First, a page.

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The History of Workers' Compensation in California

Workers' compensation programs were an outcome of the Progressive Era, when reformers responded to both labor and employer concerns about high rates of work-related injuries, insufficient compensation to injured workers, and continuing employer uncertainty about how to predict the costs related to these injuries.

In what is known as the "grand compensation bargain," California's workers traded the right to sue an employer for damages in the tort or civil law system for benefits in a "no-fault" administrative law system. In 1911, California first provided for voluntary workers' compensation disability benefits (Roseberry Act). Then in 1913 the Boynton Act was enacted establishing a compulsory workers’ compensation system followed by “The Workman's Compensation Insurance and Safety Act of 1917”.

 "The purposes of the Act are several. It seeks (1) to ensure that the cost of industrial injuries will be part of the cost of goods rather than a burden on society, (2) to guarantee prompt, limited compensation for an employee's work injuries, regardless of fault, as an inevitable cost of production, (3) to spur increased industrial safety, and (4) in return, to insulate the employer from tort liability for his employees' injuries." S.G. Borello & Sons v. DIR (1989) 48 CA3d 341

The basic type of benefits provided have remained the same  but  sweeping legislative changes have occurred in recent years which have had a major impact on California’s workers' compensation system.

In 1989 and 1993, California implemented major statutory changes to address a broad range of workers' compensation issues. Highlights of these reforms include restructuring the medical-legal process, limiting compensability of psychiatric and post-termination claims, increasing benefit payments for moderate and serious disabilities, capping vocational rehabilitation payments, increasing fraud deterrence, and deregulating insurance rates.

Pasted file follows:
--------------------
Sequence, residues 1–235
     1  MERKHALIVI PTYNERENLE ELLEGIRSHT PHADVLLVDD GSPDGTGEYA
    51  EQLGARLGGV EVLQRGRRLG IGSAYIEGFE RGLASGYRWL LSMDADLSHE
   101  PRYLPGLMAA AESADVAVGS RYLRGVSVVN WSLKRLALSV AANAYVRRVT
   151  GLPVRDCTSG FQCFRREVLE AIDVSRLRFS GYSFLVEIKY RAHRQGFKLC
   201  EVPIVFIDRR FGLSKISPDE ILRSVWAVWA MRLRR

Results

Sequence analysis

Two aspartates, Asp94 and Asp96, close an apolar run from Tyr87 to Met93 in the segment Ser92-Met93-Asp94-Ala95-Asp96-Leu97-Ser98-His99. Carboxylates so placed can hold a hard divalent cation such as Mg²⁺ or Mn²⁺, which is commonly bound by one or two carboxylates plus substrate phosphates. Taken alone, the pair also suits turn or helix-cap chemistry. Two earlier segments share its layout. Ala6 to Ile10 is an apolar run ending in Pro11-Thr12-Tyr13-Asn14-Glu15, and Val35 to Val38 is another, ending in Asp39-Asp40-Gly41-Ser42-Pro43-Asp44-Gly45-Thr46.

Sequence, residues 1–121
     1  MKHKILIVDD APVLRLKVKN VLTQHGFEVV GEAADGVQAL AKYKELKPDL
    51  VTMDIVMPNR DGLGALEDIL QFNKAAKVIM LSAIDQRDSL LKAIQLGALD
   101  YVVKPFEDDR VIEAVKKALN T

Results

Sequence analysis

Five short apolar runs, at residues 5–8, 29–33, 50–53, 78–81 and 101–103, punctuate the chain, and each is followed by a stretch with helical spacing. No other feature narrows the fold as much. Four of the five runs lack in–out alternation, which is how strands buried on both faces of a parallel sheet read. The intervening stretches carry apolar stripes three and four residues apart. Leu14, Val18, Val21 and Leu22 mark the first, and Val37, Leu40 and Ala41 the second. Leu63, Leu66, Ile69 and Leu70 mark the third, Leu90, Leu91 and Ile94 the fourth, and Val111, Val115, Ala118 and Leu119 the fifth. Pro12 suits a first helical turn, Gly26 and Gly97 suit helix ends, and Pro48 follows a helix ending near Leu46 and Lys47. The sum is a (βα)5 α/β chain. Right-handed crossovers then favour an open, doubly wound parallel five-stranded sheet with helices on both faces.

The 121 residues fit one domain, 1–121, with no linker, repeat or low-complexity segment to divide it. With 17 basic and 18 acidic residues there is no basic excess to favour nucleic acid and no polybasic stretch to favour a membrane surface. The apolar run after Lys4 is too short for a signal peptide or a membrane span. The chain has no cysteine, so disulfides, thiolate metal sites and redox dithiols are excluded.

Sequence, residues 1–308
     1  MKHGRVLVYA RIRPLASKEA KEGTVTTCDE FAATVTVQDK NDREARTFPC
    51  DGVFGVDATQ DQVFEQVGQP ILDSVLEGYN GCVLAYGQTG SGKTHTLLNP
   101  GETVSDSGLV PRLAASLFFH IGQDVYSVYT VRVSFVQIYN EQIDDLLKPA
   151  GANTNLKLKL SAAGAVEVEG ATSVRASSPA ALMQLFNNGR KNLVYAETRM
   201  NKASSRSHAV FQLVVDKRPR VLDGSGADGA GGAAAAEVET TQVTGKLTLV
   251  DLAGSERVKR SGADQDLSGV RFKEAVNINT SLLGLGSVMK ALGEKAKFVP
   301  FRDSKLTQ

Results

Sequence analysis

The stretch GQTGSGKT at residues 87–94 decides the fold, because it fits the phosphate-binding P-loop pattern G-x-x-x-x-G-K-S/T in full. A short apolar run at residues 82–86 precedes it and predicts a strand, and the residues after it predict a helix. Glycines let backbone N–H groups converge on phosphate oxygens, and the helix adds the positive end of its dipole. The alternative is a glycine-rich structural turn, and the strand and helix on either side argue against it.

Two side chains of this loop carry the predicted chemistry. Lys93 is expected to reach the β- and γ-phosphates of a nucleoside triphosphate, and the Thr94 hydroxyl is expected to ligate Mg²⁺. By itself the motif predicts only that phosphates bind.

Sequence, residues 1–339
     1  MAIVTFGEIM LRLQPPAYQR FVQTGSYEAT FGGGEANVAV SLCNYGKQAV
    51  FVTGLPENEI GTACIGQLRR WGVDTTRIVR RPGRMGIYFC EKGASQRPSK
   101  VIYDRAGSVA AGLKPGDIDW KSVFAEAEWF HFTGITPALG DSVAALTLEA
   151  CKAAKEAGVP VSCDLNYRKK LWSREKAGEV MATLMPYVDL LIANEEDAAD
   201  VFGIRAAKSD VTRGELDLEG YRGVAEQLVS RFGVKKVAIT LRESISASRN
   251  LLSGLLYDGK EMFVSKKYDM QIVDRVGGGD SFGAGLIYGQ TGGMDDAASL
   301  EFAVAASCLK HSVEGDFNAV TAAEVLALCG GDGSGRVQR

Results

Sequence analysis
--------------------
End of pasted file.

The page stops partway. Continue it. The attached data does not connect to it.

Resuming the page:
Major changes also occurred in January 2004 (SB 228 and AB 227), April 2004 (SB 899), and January 2013 (SB 863) introducing utilization review of medical treatment requests, the use of the AMA guides to evaluate permanent impairment, the elimination of vocational rehabilitation, and most recently the addition of independent medical review which put the authority to make medical treatment decisions in the jurisdiction of a private for profit corporation, Maximus.

California's workers' compensation system is highly polarized. It is a multi-billion dollar industry involving a wide variance in special interests. Recent reforms watered down injured workers' benefits and access to necessary medical treatment to save costs to employers. These reforms have also created the need for an  increased bureaucracy that is so complex  it produces considerable grief to those who must deal with it on a daily basis.

The late David  DePaolo noted in one of his many blogs in Work Comp Central that California workers' compensation is "the single largest privatized social benefit system in the world, second only to Social Security in the delivery of medical and indemnity benefits....When you get down to it, workers' compensation, at its most basic function, is just taking care of people."

See the below link for more information on the Boynton Act and California’s celebration of the 100 year history of Workers’ Compensation https://www.dir.ca.gov/DWC/educonf21/BoyntonAct_100YearHistory/BoyntonAct100YearHistory.pdf